Seafood Summit Media Briefing

Published: Sat 8 Sep 2012 02:44 PM
ISSF President Susan Jackson Delivers Remarks
During Seafood Summit Media Briefing
Hong Kong – 7 September 2012 – Today International Seafood Sustainability Foundation (ISSF) President Susan Jackson moderated a panel on Key Fishery Improvement Projects for Tuna Sustainability during the 2012 Seafood Summit in Hong Kong. Following the discussion, Jackson took part in a media briefing where she discussed the Summit and the launch of ISSF’s ProActive Vessel Register.
“For the past 3 years, ISSF has joined a coalition of different groups with common goals, rooted in a science-based approach to change,” Jackson remarked. “Out of all the stakeholder groups we work with, industry has the most power to get things done. ISSF’s message to fishers, processors, traders and importers is simple – if you commit to doing the work and following through, we will stand with you.”
“Last year ISSF asked industry to Make the Commitment. We created a global improvement plan for better practices in tuna fisheries – with the input of scientists, industry representatives and the conservation community. We started out with about 2 dozen commitments to be met over the next three years – including 100 percent observer coverage, full retention of catch and recording the use of FADs, floating objects that attract fish – and we’re already looking to add more.”
Jackson added that, “Once we identified the standard, best-in-class practices, we had to find a way to help the marketplace identify vessels that make the commitment. Just this month we are launching the ProActive Vessel Register. The PVR is an online database – audited by an independent third-party – which identifies vessels and the best practices they comply with.”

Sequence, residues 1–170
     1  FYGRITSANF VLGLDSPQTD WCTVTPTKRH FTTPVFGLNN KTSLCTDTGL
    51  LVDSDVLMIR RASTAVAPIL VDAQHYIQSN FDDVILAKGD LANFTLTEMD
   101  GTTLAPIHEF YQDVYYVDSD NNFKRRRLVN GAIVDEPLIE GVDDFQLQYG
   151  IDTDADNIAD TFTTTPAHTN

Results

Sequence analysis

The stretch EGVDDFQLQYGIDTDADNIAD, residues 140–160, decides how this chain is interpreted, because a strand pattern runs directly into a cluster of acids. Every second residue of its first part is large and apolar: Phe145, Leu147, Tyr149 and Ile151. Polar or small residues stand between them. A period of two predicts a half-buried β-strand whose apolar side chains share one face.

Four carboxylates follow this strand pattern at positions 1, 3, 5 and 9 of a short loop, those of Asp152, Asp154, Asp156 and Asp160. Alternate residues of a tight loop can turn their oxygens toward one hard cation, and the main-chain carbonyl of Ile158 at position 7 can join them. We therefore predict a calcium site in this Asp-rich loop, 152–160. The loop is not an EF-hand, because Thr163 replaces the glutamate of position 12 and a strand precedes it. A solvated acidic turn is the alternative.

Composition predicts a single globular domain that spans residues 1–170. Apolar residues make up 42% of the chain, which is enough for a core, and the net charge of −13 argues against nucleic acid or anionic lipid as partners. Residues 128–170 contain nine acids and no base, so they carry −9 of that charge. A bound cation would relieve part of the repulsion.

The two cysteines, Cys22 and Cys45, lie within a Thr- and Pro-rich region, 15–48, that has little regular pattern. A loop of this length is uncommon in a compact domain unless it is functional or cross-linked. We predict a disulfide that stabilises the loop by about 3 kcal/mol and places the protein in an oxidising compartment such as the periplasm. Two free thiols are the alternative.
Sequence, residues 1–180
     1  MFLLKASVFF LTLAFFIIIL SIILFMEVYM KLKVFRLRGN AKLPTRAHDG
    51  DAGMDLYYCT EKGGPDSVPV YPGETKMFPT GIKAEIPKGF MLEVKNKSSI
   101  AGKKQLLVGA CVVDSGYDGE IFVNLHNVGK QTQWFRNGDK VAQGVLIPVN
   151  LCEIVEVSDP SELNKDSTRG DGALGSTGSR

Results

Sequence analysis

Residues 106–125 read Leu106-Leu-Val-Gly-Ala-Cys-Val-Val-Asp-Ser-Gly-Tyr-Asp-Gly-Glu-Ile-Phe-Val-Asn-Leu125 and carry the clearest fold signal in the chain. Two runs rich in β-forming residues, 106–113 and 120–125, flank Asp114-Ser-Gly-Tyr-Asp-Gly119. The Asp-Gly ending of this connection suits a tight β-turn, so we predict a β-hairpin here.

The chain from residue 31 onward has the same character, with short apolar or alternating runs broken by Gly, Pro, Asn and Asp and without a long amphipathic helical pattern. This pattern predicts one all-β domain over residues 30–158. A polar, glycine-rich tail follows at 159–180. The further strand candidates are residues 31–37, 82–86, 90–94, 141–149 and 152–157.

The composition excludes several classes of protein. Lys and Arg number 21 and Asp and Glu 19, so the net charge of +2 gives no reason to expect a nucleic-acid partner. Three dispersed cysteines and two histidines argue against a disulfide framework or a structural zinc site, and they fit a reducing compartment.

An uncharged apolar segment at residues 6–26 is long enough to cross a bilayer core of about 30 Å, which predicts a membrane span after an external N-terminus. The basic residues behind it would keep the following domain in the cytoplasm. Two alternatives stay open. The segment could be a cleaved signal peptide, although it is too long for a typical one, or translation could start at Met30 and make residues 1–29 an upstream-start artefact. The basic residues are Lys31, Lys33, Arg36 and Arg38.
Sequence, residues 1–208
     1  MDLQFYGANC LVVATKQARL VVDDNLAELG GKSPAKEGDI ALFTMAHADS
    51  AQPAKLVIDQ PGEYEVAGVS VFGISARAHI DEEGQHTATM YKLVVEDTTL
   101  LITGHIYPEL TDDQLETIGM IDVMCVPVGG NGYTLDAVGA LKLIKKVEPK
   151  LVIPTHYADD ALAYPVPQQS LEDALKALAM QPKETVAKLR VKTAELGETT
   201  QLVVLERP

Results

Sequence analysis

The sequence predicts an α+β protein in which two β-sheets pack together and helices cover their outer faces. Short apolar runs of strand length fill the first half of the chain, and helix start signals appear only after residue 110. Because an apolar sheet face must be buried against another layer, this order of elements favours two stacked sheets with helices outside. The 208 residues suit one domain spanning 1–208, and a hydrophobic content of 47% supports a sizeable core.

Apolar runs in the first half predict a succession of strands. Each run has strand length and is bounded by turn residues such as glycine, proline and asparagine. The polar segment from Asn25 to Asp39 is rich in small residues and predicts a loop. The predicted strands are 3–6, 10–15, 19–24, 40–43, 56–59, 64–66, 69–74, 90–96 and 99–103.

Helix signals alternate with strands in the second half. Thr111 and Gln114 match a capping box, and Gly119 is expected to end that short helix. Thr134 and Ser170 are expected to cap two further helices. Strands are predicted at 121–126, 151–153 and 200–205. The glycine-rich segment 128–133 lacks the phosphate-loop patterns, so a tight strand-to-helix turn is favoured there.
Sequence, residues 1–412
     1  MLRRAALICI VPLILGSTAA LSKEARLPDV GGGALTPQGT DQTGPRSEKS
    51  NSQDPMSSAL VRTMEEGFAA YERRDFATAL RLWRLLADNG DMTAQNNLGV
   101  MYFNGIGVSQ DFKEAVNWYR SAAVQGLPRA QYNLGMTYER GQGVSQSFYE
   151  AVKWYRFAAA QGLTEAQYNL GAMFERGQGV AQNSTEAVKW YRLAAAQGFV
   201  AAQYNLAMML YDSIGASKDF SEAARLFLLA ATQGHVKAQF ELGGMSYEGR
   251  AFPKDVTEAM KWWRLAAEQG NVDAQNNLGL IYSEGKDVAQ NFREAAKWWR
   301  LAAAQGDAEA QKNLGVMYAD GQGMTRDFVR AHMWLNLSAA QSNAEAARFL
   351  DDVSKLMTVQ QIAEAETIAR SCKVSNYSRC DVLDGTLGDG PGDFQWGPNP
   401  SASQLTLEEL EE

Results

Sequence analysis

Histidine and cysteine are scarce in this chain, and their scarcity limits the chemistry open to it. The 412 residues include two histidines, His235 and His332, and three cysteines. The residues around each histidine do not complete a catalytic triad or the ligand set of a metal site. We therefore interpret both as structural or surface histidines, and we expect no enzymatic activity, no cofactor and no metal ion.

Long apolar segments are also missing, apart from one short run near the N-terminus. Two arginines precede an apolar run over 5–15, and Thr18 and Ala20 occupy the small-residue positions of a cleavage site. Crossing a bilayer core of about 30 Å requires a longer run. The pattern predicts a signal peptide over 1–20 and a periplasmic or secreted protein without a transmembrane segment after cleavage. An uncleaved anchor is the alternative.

“And when researchers identify better practices, and publish their findings, you can bet there will be a new box to check on our PVR. In just over one year, ISSF has supported 12 thousand hours of at sea research to discover better practices for reducing purse seine fishing’s environmental footprint. We’re taking a fishing method that’s more than 95% effective and working to make it even cleaner.”
“While we all have a stake in sustainability, no one has more to lose than fishers,” Jackson concluded. “The bottom line is if tuna stocks are not healthy – business is not healthy. If the ecosystem is in decline, business will drop. If marine life disappears from our waters, products will disappear from store shelves. The time is now to protect the ocean’s bounty for future generations – let’s leave our grandchildren an ecosystem where 100 percent of tuna comes from healthy stocks and 100% of tuna stocks are healthy.
About the International Seafood Sustainability Foundation (ISSF)
The International Seafood Sustainability Foundation (ISSF) is a global coalition of scientists, the tuna industry and World Wildlife Fund (WWF), the world’s leading conservation organization, promoting science-based initiatives for the long-term conservation and sustainable use of tuna stocks, reducing bycatch and promoting ecosystem health. To learn more, visit their website at
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